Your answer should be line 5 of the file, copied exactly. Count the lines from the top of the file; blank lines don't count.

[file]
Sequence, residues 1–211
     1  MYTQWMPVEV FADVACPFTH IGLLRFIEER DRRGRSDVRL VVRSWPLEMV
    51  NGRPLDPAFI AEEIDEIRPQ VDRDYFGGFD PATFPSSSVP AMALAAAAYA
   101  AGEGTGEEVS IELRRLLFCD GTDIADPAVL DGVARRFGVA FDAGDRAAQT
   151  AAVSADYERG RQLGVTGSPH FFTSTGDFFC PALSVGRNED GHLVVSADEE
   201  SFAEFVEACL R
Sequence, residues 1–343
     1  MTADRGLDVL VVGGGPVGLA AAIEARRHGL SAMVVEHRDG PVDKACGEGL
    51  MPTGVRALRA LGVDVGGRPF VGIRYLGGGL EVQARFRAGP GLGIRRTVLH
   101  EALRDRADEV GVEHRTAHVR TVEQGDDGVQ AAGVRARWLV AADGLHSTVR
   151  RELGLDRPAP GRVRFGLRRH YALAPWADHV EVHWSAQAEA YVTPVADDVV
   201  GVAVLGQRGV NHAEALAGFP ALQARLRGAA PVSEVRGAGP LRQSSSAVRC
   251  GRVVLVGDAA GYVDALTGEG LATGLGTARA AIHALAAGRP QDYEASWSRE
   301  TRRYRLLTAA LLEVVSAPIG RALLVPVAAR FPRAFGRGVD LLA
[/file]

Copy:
   151  AAVSADYERG RQLGVTGSPH FFTSTGDFFC PALSVGRNED GHLVVSADEE